--> --> Abstract: Impact of Regulation on the Power Sector: Opportunities for Natural Gas, by Svetlana Ikonnikova; #90124 (2011)

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Making the Next Giant Leap in Geosciences
April 10-13, 2011, Houston, Texas, USA

Impact of Regulation on the Power Sector: Opportunities for Natural Gas

Svetlana Ikonnikova1

(1) Bureau of Economic Geology, University of Texas at Austin, Austin, TX.

Power generation using natural gas emits less carbon dioxide and other air pollutants than other fossil fuels. Growing environmental and climate change concerns have resulted in an increasing number of energy and environmental policies. Certain emission regulations have already been implemented - Renewable Portfolio Standards, non-attainment zones, Best Available Control Technology, Maximum Achievable Control Technology - to name a few. These have had positive and negative impacts, depending upon your perspective. Other policies are being discussed, which also affect investment decisions, bringing risks and uncertainty into projects, and making some technologies more expensive and riskier than others.

The growing abundance and accessibility of natural gas is leading to worldwide shifts in energy policies and in particular power sector shaping regulation. Factors include new global transportation options, like LNG, and new resources of shale gas. Lower natural gas prices and corresponding overall lower fossil energy costs tend to defer energy conservation efforts and stimulate natural gas produced power and encourage retirement (or curtailment) of aging coal-fired generation. In addition, natural gas is the primary fuel to backup renewable sources of energy such as wind, and hence, with more wind farms installed there will be a corresponding increased demand for natural gas. The surprising result of the analysis is that lower natural gas prices appear not to be the primary driver shaping the generation portfolio. Instead, imposed regulation and incentives - including those affecting return on investment - and expected future emissions regulation play a more significant role in determining the energy and technology mix.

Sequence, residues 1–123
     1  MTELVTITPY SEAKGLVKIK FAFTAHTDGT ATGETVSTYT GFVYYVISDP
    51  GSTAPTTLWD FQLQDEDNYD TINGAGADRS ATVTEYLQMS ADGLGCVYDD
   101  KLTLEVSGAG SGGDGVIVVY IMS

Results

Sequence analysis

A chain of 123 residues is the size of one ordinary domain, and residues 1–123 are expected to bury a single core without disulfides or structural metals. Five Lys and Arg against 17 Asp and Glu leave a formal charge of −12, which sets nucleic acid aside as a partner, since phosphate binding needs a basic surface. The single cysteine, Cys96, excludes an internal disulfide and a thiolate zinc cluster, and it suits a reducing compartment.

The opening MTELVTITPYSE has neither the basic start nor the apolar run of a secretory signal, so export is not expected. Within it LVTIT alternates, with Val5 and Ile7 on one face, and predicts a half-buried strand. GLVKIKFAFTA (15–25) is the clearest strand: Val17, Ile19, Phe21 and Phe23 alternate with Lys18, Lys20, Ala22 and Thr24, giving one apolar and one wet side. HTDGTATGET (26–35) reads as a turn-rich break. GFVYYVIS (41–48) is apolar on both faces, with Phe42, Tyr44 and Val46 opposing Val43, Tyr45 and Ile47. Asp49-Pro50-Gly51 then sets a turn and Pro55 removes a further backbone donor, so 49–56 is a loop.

We will review key policies and regulations having an impact on the power sector, namely electricity prices, investments in new generating capacity, and choice of fuels. The analysis of command-and-control policies versus market-based instruments will be presented, with a discussion on the inefficiencies in policies’ formulations. The impact of fuel prices and expectations about future policies will also be explored. Results argue for a careful examination of key attributes required to align policy options that are intended to increase efficient natural gas use with those designed to lower overall greenhouse gas and other emissions.